It doesn’t have to be this way, and this argument amounts to nothing more than the idea that we cannot militarily defeat the Taliban because they cannot be cordoned.  While the SOF high value target campaign with small footprint and low force projection cannot stop the ingress and egress of fighters, an adequate increase in the number of troops can indeed be successful, at least in terms of a deliberate, methodical approach to counterinsurgency.  The Afghan Taliban and the TTP both clearly believe that the first fight is their jihad is the U.S. forces in Afghanistan.

The refusal to engage Syria and Iran concerning the influx of fighters into Iraq was problematic, and it is true enough that Pakistan must be engaged sooner or later, whether by soft power, additional resources, political and diplomatic pressure, targeted raids and UAV strikes, and even eventually military operations if necessary.  But the first step is to increase troop presence in Afghanistan.  There is no need to engage in endless debates over Pakistan when the first steps haven’t even been taken for Afghanistan.

This is not a call to neglect regional strategy.  But it is a call to prevent the desire for perfection from being the enemy of progress.  We endorse Nagl’s counsel concerning Afghanistan, and he will just have to live down the connection with us.

Exum on Soft Power

BY Herschel Smith
15 years, 5 months ago

I rarely interact with other bloggers, preferring to spend time in analysis.  But occasionally it’s best to spend a few minutes and join in the fray.  Andrew Exum of the blog Abu Muqawama gives us his raw feelings on soft power.  It’s is quoted in full.

Dear World:

We, the United States of America, a top quality supplier of the ideals of liberty and democracy, would like to apologize for our 2001-2008 interruption in service. The technical fault that led to this eight-year service outage has been located, and a decision was taken in early November to completely replace the software responsible. The new software became fully functional on January 20, 2009. Early tests of the newly installed program indicate that we are again operating correctly. We apologize for any inconvenience caused by the outage. We look forward to resuming full service and hope to continue improvements in the years to come. We thank you for your patience and understanding.


Well, the comments section gets pretty hard hitting, but it’s best to stick with the facts and analyze what Andrew says.

Given the billions upon billions of dollars spent by the U.S. on Iraq, Afghanistan, Pakistan (in aid to fight the Taliban), AIDS in Africa and other such programs, it isn’t clear what might be Andrew’s objection.  Perhaps along with Secretary Gates he doesn’t like the fact that the application of reconstruction and soft power has been the U.S. military.  I don’t think the U.S. military likes it either, but if Andrew believes that this has been the choice of the Bush administration he is of course mistaken.  Does he not recall the near riotous behavior at the State Department when Condi Rice threatened mandatory overseas deployments of State employees?  Does he really believe that it will be any different under the new administration?  At least the Army and Marines had training and weapons.  Does Andrew have a plan for force protection of State employees when their heads turn up decapitated while deployed?  Does anyone really know how this is going to work?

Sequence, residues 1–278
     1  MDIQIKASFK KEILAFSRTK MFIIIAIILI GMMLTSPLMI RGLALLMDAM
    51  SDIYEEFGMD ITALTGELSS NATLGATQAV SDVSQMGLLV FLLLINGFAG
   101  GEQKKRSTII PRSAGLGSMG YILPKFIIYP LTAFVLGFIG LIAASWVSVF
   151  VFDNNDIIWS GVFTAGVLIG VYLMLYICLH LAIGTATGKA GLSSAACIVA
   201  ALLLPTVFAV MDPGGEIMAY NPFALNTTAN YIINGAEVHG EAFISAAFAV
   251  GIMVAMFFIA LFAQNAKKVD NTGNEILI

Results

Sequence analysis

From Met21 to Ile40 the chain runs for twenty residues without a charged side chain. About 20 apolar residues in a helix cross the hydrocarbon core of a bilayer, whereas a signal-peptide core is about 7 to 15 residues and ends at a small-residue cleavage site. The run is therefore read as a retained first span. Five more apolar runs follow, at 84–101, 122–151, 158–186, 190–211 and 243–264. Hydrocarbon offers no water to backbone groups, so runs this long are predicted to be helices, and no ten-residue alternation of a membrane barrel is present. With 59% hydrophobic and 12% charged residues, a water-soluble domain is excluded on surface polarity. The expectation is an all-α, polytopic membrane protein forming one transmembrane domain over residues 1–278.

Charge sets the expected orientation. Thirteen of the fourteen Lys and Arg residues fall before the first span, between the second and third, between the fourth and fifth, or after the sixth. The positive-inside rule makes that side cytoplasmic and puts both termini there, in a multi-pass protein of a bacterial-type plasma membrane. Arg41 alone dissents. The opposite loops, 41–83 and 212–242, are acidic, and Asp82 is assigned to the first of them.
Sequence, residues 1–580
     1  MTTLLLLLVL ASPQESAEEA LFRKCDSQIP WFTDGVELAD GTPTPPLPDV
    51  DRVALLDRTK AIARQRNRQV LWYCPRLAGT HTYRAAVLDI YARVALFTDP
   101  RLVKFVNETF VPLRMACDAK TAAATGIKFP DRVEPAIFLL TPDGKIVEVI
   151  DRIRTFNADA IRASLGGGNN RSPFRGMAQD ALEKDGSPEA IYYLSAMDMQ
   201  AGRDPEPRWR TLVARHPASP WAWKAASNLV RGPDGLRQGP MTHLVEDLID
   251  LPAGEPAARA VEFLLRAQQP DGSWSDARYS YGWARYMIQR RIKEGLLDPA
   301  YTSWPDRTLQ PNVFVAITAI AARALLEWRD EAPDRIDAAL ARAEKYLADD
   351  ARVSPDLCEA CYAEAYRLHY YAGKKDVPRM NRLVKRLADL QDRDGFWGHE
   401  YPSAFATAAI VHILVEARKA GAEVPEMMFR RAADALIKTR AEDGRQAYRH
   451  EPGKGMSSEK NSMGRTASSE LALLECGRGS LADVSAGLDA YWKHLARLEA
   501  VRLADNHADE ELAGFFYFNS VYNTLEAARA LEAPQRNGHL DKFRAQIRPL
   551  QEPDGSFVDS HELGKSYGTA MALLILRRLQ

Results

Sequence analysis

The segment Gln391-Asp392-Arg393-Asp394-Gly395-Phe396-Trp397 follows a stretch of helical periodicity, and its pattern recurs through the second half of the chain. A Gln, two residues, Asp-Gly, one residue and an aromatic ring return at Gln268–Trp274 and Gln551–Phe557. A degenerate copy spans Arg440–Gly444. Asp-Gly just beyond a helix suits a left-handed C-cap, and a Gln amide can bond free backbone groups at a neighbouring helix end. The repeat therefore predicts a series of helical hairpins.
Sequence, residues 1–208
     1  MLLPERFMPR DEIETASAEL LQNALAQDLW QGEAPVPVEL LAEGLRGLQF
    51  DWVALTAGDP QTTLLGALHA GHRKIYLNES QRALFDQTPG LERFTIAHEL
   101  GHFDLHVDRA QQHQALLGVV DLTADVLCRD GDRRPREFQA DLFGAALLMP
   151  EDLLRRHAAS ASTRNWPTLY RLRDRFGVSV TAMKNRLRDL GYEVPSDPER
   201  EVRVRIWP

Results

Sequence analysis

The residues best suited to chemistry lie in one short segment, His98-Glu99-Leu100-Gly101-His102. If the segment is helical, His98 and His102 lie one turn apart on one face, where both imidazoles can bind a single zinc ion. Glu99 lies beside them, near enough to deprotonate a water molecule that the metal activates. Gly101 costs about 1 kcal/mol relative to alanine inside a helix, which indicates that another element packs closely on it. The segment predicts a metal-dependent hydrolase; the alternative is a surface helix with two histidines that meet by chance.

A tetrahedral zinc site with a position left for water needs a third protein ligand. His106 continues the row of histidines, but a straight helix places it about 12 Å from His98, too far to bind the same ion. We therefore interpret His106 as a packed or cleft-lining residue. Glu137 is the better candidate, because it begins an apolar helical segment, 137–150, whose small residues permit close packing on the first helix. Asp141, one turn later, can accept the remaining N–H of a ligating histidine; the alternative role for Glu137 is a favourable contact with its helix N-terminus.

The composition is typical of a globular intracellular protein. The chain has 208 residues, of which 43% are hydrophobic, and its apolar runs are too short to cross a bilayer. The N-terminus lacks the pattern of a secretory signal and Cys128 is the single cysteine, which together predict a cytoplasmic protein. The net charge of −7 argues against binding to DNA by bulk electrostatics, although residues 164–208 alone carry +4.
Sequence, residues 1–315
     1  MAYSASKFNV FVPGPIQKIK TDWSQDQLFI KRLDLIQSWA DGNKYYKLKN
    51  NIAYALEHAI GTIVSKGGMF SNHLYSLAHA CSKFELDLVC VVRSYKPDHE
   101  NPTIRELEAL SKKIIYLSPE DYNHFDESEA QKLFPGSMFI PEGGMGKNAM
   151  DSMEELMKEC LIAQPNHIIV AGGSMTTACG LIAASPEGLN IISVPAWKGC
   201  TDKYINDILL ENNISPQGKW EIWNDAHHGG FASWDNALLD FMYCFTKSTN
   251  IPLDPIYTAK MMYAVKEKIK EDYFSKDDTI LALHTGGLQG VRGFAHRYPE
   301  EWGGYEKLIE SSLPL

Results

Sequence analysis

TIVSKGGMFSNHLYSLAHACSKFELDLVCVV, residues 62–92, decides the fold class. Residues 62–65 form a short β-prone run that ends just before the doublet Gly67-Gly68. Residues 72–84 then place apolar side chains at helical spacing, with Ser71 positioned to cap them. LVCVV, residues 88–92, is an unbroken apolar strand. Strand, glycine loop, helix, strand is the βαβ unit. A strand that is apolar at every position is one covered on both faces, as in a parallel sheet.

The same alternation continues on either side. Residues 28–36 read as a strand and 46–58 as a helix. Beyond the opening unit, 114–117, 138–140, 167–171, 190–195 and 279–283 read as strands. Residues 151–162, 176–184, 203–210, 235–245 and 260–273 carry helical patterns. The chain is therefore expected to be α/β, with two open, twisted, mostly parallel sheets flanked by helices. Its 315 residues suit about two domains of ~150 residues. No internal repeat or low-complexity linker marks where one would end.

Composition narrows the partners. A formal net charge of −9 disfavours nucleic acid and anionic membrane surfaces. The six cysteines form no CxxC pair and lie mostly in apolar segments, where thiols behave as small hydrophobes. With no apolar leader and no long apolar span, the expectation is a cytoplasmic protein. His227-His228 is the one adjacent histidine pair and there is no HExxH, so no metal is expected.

Perhaps Andrew is talking about the use of diplomatic and political pressure.  True enough, both I and Michael Ledeen have both been strong proponents of political pressure on Iran in order to prevent war.  We have both lamented the sure-to-be heavy cost of war with Iran and advocated democracy programs (I and Michael), fomenting of an insurgency (I and Michael) and even targeted assassinations of select high ranking individuals (only me to the best of my knowledge).  We have said that Iranian General Qassem Suleimani (the very same one to whom Petraeus appealed to stop the shelling inside the Green zone) should know that he is a marked man.

But notwithstanding the brutish and heavy-handed tactics tactics I recommend, the State Department cannot even find it in themselves to continue with pressure on Iran during the Bush administration.  They gave up the only remaining democracy program in favor of – you guessed it, or maybe you didn’t because you couldn’t conceive of a program like this – student exchange.  Does Andrew believe that talks by the State Department which cannot even continue a democracy program for Iran will pressure them to relinquish their enrichment program?  This new State Department will clearly align with the new administration which believes in the eternal power of talk.  Will student exchange programs change the radical Mullahs?  Will we ultimately convince ourselves that we can live with a nuclear Iran, or will the new administration save the day with talks?